The primary work of every Christian and the local church is one thing―reaching people. It’s that simple.
Don’t you wish that your every attempt to reach people was successful? I do too. You’ve probably been there: you make efforts to reach people and sometimes reap little to no harvest few visitors, few souls saved, and very few people that stick around to perpetuate the ministry. I’ve found myself blaming the people for the lack of results. I say, “People are just less receptive in this age,” or “Satan is at work to disrupt the work of the gospel.” While these are legitimate problems in many situations, I wonder if we are to blame for the lack of results? Perhaps the problem is a misunderstanding about outreach methods.
I grew up in the IFB movement. To me, the word “outreach” reminded me of two events―Saturday morning door-knocking and evangelistic “big days” at our church. But is that really all Jesus meant when he talked about going into all the world and preaching the gospel? Hey, I’m not bashing any of those methods, but I just know there has to be more than two ways to fulfill the great commission. My view of this all changed when I went into full-time ministry.
One of the first talks I had with the current staff of our church was about outreach. They informed me that they don’t have regular door-to-door visitation of any type (apart from bus ministry and two days a year that they canvass the entire city). I was thinking, “How do you get any sort of people to come to church here, then?” Then two words came up in the conversation that have changed my perspective on outreach―community involvement. Community involvement? Sounds like a lazy Christian’s way out of door knocking, right? I don’t think so.
You’ve heard the saying, “People don’t care how much you know, until they know how much you care.” If that’s the case, how come the spread of the gospel rarely follows that pattern in many churches? Now, before you think I am advocating that churches totally forsake door knocking and other methods of evangelism, hear me out.
It’s my observation that healthy, gospel-minded churches reach their communities with deep and wide outreach methods (no, I’m not referring to the song you sang in Sunday School). The way I think of it, there are two ways we can approach the spread of the gospel: we can spread it as wide as we can (more people reached but less investment in each individual) or as deep as we can into their hearts (less people reached but more time spent investing in each person). Allow me to explain further what I mean about deep and wide outreach.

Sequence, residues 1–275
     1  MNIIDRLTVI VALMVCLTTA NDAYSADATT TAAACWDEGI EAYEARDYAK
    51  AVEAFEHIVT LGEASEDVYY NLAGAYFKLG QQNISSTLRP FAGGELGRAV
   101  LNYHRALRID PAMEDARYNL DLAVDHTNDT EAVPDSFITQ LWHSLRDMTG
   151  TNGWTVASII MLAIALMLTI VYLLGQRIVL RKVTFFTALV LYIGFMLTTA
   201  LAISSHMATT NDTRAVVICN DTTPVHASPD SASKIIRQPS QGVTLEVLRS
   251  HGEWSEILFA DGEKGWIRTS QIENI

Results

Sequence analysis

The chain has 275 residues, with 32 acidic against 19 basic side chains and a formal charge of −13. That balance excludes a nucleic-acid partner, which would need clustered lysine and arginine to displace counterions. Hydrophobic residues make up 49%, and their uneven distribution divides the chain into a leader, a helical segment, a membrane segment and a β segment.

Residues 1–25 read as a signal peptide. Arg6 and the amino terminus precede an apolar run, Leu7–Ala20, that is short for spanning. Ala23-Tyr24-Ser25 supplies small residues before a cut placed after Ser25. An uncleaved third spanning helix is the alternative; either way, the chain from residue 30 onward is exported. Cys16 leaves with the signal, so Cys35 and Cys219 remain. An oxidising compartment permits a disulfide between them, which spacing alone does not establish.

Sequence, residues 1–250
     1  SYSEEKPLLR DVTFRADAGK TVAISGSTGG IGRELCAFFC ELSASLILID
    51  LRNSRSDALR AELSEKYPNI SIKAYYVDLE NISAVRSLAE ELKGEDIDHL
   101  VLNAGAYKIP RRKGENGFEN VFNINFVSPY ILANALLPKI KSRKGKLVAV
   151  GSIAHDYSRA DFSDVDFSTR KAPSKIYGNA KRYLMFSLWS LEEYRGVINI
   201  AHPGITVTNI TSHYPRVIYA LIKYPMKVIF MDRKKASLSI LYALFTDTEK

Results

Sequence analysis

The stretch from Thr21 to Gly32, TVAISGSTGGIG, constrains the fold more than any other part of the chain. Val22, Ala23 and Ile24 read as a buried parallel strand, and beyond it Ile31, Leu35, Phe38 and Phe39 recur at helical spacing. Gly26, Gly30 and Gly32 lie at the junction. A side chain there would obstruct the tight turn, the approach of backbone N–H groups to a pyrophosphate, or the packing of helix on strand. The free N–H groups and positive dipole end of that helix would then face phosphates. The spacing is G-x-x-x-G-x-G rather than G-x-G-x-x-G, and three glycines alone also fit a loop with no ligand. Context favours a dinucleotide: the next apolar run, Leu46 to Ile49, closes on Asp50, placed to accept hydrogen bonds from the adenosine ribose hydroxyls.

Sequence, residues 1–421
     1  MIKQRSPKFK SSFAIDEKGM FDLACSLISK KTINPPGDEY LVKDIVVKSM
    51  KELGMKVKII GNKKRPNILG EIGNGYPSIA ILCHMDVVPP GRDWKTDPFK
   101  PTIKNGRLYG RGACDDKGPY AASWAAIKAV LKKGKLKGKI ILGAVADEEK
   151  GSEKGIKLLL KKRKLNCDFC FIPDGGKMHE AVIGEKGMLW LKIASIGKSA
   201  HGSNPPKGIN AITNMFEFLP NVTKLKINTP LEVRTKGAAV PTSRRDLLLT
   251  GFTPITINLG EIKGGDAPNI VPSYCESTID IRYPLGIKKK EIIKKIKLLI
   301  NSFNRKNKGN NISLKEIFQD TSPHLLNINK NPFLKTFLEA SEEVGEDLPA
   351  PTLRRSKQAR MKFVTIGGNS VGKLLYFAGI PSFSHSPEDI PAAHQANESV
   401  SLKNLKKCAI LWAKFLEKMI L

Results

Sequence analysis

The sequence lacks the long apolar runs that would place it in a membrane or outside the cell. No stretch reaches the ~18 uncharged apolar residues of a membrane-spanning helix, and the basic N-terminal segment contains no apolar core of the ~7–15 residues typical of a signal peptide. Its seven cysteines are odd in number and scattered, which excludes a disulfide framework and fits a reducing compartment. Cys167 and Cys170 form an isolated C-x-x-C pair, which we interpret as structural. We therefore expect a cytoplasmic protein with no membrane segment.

Wide outreach is very effective in getting your church’s name and the gospel message to a large number of people. This type of outreach is great for church planters trying to inform people that they exist, churches that have moved to a new location, promoting big events, or promoting your church systematically throughout your community each year.
Wide outreach takes place in a variety of ways:
• Door knocking/canvassing/blitzing
• Facebook advertising
• Setting up a booth at a big event
• Evangelistic services
• Yard Signs
• Events for major employers in your area
• Event Sponsorships
These forms of outreach often accomplish their purpose―they just have one major weakness. There’s very little opportunity for people to see that you and your church care about them as people. Our culture has grown quite skeptical of religious people because of how televangelists and other preachers have built ministries at the expense of people. On top of that, how many people are ready to have a deep spiritual conversation with you on their porch? From my experience, most people want you off of their porch as soon as possible! Other times, I want off of their porch because my wife and I are greeted by a grumpy man in his 50’s with no t-shirt (gross)! Again, I realize that some churches have more success with these forms of outreach in their community than others might. As I said earlier, I’m convinced that healthy churches reach their community with a balance of deep and wide outreach methods. Let me show you what I mean by deep outreach methods.